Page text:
Surefire Signs You Need a Hearing Test

Man with hearing loss trying to hear at the dinner table with his family.

Your last family dinner was disheartening. Not because of any intra-family drama (though there’s always a bit of that). No, the source of the frustration was simple: it was boisterous, and you couldn’t hear anything. So you weren’t able to have very much enjoyable conversation with any members of your family. It was irritating. Mostly, you blame the acoustics. But you’re also willing to admit that your hearing might be starting to wane.

It can be very difficult to self-diagnose hearing loss (that’s why, generally, it’s not recommended). But you should keep your eye out for some early warning signs. When enough of these red flags spring up, it’s worth scheduling an appointment to get examined by a hearing specialist.

Hearing Loss Has Some Early Warning Signs

Some of the signs of hearing loss are subtle. But you may be going through some amount of hearing loss if you find yourself recognizing some of these signs.

Some of the most common early signs of hearing impairment may include:

  • Someone makes you realize that you keep turning up the volume on your media. Maybe the volume on your phone keeps getting louder and louder. Maybe it’s your TV that’s at max volume. Typically, it’s a friend, neighbor, or a family member that makes you recognize the increasing volumes.
  • You frequently need people to repeat what they said. This is especially true if you’re asking several people to slow down, repeat what they said, or speak up. You might not even realize you’re making such regular requests, but it can definitely be an early sign of diminishing hearing.
  • High pitched sounds are difficult to hear. Maybe you find your tea kettle has been whistling for a while and you didn’t hear it. Or maybe the doorbell rings, and you never notice it. Specific frequencies (frequently high pitched) will usually be the first to go with early hearing loss.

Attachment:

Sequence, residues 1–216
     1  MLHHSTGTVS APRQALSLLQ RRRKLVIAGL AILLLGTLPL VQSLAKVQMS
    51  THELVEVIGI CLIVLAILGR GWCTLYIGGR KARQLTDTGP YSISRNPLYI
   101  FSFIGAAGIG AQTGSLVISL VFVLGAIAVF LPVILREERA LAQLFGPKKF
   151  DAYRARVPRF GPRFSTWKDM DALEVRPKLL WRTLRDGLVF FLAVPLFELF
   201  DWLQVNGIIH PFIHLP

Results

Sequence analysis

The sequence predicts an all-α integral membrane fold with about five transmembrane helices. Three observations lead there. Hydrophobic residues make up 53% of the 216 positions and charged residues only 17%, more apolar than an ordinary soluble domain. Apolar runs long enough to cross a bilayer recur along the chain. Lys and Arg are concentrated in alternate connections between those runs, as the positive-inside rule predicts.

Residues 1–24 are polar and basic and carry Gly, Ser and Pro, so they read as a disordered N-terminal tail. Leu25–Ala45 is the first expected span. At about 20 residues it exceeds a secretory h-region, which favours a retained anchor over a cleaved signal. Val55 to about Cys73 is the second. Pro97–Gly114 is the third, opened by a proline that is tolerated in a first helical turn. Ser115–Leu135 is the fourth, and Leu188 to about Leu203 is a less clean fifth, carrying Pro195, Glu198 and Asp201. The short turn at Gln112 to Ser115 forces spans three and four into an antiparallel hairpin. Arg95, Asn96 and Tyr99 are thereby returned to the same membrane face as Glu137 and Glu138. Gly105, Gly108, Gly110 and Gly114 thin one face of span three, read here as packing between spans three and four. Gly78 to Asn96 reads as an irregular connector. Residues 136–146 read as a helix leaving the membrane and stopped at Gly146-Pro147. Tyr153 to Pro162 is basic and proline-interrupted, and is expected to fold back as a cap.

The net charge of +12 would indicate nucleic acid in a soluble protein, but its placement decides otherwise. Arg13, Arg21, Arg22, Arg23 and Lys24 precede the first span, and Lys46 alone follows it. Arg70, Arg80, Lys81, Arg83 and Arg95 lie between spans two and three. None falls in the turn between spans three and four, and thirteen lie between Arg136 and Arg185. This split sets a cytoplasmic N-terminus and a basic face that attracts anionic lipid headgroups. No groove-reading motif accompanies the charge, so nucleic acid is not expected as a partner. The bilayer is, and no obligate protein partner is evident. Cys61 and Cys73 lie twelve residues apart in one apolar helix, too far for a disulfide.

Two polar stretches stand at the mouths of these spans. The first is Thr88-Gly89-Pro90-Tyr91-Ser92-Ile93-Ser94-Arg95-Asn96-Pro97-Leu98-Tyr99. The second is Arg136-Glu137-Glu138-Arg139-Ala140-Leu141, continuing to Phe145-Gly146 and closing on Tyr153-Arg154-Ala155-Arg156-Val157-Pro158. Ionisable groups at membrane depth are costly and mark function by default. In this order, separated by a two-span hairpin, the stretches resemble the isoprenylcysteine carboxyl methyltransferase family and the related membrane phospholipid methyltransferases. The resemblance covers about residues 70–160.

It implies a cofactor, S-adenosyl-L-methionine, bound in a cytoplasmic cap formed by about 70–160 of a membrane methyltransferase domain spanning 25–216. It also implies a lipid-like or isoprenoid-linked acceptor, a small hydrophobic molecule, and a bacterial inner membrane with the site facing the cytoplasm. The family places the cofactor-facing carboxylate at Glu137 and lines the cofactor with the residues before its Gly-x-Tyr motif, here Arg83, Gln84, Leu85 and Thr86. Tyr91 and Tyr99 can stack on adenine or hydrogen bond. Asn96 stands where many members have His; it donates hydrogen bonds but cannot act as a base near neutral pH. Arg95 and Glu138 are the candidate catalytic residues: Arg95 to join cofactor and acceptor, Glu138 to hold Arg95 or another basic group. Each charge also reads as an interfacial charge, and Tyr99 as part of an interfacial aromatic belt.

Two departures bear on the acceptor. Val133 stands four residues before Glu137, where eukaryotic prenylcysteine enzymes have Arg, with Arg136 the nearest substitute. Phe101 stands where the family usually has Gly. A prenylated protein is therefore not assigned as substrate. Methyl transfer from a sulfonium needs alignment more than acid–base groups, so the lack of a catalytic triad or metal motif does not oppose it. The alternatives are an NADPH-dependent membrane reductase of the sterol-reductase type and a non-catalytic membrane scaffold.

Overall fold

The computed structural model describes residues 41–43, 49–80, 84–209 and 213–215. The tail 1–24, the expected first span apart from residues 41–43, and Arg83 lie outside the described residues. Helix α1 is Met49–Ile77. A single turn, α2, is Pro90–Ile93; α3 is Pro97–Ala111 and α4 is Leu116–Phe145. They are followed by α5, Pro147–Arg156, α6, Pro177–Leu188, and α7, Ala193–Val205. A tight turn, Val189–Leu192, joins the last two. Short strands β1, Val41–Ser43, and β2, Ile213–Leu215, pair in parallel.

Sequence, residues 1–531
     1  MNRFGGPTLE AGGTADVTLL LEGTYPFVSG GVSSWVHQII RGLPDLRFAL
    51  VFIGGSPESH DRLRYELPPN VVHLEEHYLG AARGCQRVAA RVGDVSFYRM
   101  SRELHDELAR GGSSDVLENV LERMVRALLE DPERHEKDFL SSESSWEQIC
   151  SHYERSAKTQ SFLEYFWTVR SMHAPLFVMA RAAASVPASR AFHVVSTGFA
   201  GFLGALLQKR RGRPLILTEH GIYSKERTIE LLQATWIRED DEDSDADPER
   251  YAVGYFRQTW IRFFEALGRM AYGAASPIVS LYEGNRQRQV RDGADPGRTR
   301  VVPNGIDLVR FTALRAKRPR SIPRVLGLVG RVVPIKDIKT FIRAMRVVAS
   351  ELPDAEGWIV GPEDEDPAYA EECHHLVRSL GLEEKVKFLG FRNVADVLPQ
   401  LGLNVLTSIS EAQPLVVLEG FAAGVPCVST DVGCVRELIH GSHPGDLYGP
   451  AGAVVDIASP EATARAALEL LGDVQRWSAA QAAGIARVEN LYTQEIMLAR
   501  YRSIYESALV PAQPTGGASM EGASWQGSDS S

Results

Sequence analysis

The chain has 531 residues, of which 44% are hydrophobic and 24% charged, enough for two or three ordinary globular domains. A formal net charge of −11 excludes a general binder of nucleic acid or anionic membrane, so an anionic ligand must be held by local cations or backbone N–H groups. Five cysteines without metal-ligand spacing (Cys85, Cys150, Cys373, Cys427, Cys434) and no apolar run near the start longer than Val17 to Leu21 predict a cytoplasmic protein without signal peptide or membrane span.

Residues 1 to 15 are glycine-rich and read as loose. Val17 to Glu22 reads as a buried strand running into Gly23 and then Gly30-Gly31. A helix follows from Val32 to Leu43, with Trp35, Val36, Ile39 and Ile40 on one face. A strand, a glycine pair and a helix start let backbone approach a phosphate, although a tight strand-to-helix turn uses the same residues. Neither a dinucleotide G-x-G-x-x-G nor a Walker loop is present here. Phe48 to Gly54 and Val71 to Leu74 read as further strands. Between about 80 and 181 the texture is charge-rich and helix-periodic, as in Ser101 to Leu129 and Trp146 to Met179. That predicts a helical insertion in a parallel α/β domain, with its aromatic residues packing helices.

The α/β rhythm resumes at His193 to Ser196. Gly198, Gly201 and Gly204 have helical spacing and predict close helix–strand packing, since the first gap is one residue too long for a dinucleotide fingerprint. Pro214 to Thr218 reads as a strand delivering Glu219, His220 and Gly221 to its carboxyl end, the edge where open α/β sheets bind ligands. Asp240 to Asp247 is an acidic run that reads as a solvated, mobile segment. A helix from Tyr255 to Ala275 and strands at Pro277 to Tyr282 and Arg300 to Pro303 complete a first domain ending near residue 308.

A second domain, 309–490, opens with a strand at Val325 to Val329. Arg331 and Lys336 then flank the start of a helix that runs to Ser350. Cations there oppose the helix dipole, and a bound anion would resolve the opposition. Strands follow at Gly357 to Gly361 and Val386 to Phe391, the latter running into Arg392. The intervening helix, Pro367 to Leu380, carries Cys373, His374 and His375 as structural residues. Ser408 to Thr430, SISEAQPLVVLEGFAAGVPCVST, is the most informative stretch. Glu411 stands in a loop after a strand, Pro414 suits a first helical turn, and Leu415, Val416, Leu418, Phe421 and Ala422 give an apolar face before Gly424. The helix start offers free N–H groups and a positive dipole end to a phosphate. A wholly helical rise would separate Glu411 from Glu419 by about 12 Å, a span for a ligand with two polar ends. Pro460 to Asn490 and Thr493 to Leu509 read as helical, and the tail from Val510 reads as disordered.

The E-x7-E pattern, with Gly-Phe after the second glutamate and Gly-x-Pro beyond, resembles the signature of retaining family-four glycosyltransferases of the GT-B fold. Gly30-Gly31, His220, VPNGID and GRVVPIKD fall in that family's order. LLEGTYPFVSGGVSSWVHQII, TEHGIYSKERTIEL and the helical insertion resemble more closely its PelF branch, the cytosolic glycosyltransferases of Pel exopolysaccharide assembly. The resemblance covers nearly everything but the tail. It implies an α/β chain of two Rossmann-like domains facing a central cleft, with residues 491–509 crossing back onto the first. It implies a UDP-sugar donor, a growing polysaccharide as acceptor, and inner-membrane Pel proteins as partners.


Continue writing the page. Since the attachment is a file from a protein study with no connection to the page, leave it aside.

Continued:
• You find it’s difficult to understand particular words. When consonants become hard to differentiate this red flag should go up. Usually, it’s the sh- and th- sounds that are muffled. At times, it’s the s- and f-sounds or p- and t-sounds that become conflated.
  • When you’re in a loud crowded place, conversations tend to get lost. This is exactly what occurred during the “family dinner” example above, and it’s often an early sign of hearing problems.
  • There’s a ringing in your ears: Ringing in your ears is known as tinnitus (and, actually, tinnitus can be other sounds also: screeching, buzzing, humming, thumping, and so on). Tinnitus isn’t necessarily associated with hearing issues, but it is often an early warning sign of hearing loss, so a hearing exam is most likely in order.
  • Certain sounds seem so loud that they’re unbearable. It’s one of the more unusual early warning signs associated with loss of hearing, but hyperacusis is common enough that you may find yourself encountering its symptoms. If specific sounds become intolerably loud (especially if the issue doesn’t resolve itself in short order), that could be an early hearing loss symptom.
  • Phone calls suddenly seem muffled and difficult to comprehend: People do a lot of texting these days, so you may not take as many phone calls as you used to. But if you’re having trouble comprehending the phone calls you do get (even with the volume cranked all the way up), you might be confronting another red flag for your hearing.

Next Up: Get a Examination

You still can’t be certain whether you’re dealing with hearing loss even if you are encountering some of these early warning signs. You will need to get a hearing examination to know for sure.

You might very well be going through some amount of hearing loss even if you’re only noticing one of these early warning signs. What level of hearing loss you may be dealing with can only be established with a hearing examination. Then it will become more obvious what needs to be done about it.

This means your next family gathering can be a lot more enjoyable.

The site information is for educational and informational purposes only and does not constitute medical advice. To receive personalized advice or treatment, schedule an appointment.